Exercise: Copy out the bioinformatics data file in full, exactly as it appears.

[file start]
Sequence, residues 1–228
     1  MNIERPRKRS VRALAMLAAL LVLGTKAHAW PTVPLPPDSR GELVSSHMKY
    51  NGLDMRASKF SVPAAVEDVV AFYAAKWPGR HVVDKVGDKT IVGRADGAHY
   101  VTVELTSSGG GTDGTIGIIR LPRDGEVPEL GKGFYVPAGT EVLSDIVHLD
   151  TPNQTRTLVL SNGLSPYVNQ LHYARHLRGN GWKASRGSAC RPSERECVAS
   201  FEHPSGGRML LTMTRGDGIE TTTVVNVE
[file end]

Sequence, residues 1–228
     1  MNIERPRKRS VRALAMLAAL LVLGTKAHAW PTVPLPPDSR GELVSSHMKY
    51  NGLDMRASKF SVPAAVEDVV AFYAAKWPGR HVVDKVGDKT IVGRADGAHY
   101  VTVELTSSGG GTDGTIGIIR LPRDGEVPEL GKGFYVPAGT EVLSDIVHLD
   151  TPNQTRTLVL SNGLSPYVNQ LHYARHLRGN GWKASRGSAC RPSERECVAS
   201  FEHPSGGRML LTMTRGDGIE TTTVVNVE